Person C was boring and didn't have much to say, but I put them in my story anyway, because otherwise I didn't have enough voices.

Frankly, as a listener, this type of reporting bores me. Like, I have literally find myself looking at the clock and saying, "We're only 2 minutes into this thing? How much more do I have to suffer through?!?"

But if you take a storytelling approach, you're not just asking pundits for the pros and cons of the latest news item.

You're asking people to walk you through, step by step, exactly how we got here. There will be surprises. Twists and turns. Drama. Suspense. Emotion.

And those boring pros and cons? They're still there -- but now they're part of the adventure.

It's no longer about finding a whole lot of different voices who will all say basically the same thing. Instead, it's about finding a good story (and a good storyteller) and leaning into it.

So, you don't need eight different voices to keep your listener engaged. You might only need one. Or two.

And instead of holding the listener's attention for four minutes, your story might have them gripped for 12.

Or 20.

Or an hour.

Yes, you have to think strategically. But if you do it right, you'll have a much better story, a.k.a. cookie. And you'll have made it with less cost and less frustration.

Okay, so I know what you're thinking. If it's so easy, then why do my favorite podcast series always start with the reporter telling me the number of YEARS it took them to make this podcast?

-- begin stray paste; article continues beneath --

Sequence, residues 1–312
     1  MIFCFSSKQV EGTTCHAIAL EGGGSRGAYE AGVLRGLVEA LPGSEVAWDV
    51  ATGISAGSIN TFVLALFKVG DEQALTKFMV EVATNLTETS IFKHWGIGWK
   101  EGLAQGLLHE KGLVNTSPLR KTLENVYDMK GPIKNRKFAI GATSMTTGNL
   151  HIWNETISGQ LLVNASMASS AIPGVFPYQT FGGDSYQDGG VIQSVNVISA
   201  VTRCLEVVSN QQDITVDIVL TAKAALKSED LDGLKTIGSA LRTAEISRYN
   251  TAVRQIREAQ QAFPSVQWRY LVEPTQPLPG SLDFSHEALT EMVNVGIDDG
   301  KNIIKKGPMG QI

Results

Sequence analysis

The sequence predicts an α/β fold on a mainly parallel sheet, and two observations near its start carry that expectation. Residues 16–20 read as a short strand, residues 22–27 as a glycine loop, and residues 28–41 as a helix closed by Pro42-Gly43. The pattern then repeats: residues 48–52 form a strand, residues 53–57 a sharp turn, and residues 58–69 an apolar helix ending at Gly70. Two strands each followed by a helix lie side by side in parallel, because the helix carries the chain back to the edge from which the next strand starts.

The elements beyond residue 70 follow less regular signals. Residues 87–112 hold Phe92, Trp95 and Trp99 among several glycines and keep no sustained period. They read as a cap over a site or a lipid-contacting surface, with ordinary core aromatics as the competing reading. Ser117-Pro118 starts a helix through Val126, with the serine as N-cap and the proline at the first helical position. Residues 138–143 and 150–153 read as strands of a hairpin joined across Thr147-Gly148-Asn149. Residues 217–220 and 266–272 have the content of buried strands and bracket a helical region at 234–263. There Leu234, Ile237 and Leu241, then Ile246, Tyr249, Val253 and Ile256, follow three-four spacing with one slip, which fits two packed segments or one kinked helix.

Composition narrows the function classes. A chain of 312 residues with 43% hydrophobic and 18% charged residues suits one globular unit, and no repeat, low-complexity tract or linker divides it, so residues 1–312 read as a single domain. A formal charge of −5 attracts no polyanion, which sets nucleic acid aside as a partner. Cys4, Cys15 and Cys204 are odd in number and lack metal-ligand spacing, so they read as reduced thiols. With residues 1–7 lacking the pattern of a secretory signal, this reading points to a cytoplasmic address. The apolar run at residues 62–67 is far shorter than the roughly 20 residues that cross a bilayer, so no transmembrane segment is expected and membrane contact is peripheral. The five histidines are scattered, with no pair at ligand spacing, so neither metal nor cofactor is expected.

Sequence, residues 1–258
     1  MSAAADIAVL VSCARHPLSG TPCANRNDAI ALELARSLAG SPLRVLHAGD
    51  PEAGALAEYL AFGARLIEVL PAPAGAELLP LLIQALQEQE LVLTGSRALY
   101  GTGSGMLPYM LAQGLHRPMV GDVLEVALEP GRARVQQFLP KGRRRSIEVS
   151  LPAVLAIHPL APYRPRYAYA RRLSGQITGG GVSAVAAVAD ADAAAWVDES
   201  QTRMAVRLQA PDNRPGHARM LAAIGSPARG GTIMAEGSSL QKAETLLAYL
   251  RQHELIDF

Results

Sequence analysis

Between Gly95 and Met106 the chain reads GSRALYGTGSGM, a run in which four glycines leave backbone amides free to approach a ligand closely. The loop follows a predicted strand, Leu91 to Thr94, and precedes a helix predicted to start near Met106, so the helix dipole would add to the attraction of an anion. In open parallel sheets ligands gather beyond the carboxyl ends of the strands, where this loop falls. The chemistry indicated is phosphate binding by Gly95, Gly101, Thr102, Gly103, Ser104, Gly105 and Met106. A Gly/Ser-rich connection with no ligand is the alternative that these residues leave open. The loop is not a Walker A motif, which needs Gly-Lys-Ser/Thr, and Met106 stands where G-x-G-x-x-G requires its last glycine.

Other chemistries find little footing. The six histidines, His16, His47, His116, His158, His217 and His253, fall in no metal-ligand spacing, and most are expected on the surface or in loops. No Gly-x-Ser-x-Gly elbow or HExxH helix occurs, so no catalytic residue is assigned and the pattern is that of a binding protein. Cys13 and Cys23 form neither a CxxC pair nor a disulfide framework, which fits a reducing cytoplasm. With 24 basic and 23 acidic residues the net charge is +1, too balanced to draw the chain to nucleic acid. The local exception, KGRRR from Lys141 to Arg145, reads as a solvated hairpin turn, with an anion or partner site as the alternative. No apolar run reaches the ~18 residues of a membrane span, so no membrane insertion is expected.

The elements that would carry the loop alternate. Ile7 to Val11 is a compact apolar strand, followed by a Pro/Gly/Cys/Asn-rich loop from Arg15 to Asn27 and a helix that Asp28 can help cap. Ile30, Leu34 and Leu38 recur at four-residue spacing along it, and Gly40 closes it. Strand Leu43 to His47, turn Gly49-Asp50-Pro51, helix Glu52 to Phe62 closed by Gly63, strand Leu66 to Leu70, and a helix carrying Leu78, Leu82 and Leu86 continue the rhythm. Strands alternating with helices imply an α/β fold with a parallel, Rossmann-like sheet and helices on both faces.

I have a few possible answers for you:
1. Just because a reporter was chasing a story for YEARS, that doesn't mean that they were working on it all that time. Many of us have projects that sit on the backburner, simmering away, until they're ready to be made.

2. Maybe you're not listening to a "story." Maybe you're listening to an "investigation." Investigations can and should take a LONG time to produce. (But unless you're filling out FOI requests and getting whistleblowers to go on record and running everything past three layers of lawyers, you're probably not doing an investigation.)

3. I hate to say it, but maybe the reporter was just working inefficiently? Trying to bake their cookies without figuring out the recipe first?
Now, let me say just one thing before I go any further with this analogy.

Please, please, please do not use the same recipe for every story. That would be like selling 12 different types of chocolate chip cookies and only changing the size of your chocolate chips.